4 out of 4 stars
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Raven’s Peak is an obscure small town, way out of Tennessee, inhabited by a tiny population of fewer than three thousand people. Reports of bizarre stories such as locals hearing and seeing strange things reach the Council, thus they send Abigail to investigate about these happenings.
Haatim is a blogger who writes about religion in the past but is now on the brink of losing his faith over his sister’s passing due to an illness. He is spontaneously planning on developing a crime blog when a man randomly comes up to him to ask for help. He claims that a woman is chasing after him and wants him dead. Haatim dubiously accepts the offer to divert his attention from his pain; And that is how he meets Abigail, a hunter who is doing her menial duty of irradicating a lesser demon.
Haatim’s life turns completely around when he becomes the center of the chase between the demons and Abigail. His eyes are now open to unearthly knowledge like that of demons, lesser demons that reside inside human hosts or corpses, demon worshipers, and an organization who battles against these entities. He joins Abigail on her way to Raven’s Peak to check on what they think is a small and insignificant matter. Little do they know that a bigger and a much stronger demon is waiting for them.
As someone who likes to read and watch paranormal fictions and supernatural thrillers, I had a great time reading Raven’s Peak by Lincoln Cole. I love the actions, characters, and ideas of the book. The author’s lucid narration of events and scenarios is truly admirable. The story is fast paced and well developed.
A remarkable and striking prologue started-off the story that launched the characters of Arthur or The Reverend, who was once the greatest hunter in their organization and Frieda, a Council member. The prologue is packed with beautiful and well-written dialogues that I took joy in, thrilling action scenes and a whole lot of mystery. It sets the mood of the story and defined the overall theme of the book. It was one of the best, if not the most, exquisite prologue that I had red.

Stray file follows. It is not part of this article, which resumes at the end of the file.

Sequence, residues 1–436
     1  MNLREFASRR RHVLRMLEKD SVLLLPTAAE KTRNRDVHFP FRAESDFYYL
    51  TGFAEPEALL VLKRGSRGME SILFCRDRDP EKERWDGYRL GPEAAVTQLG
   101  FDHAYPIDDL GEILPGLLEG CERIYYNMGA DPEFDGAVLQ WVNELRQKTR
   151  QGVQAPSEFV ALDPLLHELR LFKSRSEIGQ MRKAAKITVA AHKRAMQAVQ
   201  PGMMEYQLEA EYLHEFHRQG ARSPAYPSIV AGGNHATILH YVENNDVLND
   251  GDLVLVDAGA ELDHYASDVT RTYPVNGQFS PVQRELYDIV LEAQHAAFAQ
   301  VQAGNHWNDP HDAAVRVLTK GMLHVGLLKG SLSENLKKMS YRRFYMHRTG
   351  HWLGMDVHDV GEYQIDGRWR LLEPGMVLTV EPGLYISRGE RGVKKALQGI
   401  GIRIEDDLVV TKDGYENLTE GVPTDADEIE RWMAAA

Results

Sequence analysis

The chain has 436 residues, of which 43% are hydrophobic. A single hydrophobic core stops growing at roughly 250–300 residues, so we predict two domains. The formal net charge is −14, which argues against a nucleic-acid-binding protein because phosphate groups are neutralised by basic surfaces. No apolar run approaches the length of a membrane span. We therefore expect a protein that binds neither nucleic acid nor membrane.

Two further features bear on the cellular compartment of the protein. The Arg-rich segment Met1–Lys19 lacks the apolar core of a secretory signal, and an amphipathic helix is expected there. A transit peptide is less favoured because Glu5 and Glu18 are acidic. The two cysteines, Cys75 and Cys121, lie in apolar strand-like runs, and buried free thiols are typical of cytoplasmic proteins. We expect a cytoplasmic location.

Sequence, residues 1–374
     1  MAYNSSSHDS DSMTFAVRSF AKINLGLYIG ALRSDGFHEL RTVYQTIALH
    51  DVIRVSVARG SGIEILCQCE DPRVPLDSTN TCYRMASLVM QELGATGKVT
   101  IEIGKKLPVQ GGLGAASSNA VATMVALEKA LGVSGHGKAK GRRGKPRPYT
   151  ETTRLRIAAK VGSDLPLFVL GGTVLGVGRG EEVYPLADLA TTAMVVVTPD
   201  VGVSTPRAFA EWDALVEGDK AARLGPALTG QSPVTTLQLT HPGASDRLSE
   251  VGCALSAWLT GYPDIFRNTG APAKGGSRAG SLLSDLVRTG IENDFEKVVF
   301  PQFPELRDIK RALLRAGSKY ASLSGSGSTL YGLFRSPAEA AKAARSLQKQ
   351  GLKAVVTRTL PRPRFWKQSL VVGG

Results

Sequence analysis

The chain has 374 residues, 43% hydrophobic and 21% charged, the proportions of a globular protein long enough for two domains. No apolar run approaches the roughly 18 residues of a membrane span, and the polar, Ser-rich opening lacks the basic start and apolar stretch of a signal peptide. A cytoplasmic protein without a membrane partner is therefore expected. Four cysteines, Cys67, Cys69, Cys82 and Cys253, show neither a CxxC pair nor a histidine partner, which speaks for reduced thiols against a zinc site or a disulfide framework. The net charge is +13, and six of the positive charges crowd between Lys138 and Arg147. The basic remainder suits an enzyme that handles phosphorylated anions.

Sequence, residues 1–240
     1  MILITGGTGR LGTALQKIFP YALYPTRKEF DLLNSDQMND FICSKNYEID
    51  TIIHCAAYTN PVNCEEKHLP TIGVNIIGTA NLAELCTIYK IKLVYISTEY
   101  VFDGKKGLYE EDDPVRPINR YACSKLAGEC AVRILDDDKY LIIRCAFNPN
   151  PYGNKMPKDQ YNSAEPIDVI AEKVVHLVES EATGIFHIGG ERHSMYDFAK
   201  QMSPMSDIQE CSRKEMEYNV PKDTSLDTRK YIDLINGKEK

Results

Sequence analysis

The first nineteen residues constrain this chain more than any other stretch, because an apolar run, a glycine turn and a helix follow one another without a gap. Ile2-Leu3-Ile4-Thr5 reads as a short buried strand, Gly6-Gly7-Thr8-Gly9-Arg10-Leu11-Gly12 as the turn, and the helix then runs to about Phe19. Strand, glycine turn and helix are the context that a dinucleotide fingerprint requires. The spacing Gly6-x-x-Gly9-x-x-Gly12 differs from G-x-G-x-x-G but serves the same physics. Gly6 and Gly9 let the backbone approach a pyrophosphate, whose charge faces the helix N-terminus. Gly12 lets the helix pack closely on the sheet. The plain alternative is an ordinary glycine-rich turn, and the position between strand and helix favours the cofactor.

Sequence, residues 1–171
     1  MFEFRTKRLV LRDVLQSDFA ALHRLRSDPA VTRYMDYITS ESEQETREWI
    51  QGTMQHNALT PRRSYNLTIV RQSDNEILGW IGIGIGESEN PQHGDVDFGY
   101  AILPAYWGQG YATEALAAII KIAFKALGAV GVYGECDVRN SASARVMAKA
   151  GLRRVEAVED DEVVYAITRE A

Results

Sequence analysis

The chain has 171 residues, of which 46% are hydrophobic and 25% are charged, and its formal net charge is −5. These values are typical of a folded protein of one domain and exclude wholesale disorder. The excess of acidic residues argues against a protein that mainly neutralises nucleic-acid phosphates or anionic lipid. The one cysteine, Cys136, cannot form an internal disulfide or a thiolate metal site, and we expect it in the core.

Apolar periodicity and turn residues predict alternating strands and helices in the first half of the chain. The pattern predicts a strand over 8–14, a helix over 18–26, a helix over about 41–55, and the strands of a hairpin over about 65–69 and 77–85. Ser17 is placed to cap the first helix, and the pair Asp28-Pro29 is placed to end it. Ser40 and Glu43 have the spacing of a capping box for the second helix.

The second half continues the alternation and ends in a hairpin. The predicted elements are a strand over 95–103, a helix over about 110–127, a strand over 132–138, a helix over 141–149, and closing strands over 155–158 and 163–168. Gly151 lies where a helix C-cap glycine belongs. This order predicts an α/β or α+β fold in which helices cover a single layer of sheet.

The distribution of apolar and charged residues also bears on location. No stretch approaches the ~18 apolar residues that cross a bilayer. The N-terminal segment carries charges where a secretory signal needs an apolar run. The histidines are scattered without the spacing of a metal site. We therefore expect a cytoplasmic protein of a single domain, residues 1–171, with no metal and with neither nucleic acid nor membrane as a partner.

One thing worth mentioning about this book is the diversity of the two main characters. Haatim is from India while Abigail is a black woman, an unwonted combination for main characters.
The part which I liked and appreciated the most in this story are the characters. I am fascinated by Abigail’s vigor, I admired how she handled herself whenever she needed to make a decision, moreover, I loved that she knew what her goal was and how she never allowed someone to intercept even if she was aware that the odds were not with her. On the other hand, Haatim may easily be called a coward, however, I understand that he lived a sheltered life under his parents care. I adored him because he’s relatable, to illustrate when he was asked by Abigail if he stopped believing in God, “I never stopped believing God existed” Haatim said, “I stopped believing God was good” I noticed that this was a common notion of people who were in pain and those who felt gravely wronged. It was outstanding how the author developed both characters as the story progressed.
Finally, I will award this book a 4 out of 4 stars rating. This book was simply amazing. I did not find anything that I disliked about this book. Furthermore, I did not notice any grammatical error. I highly recommend this book to everyone, specifically to those who like paranormal thrillers, however, it would be nice if people who don’t like graphic and gore scenes to shy away from this book because the author did not hold back in writing those scenarios.
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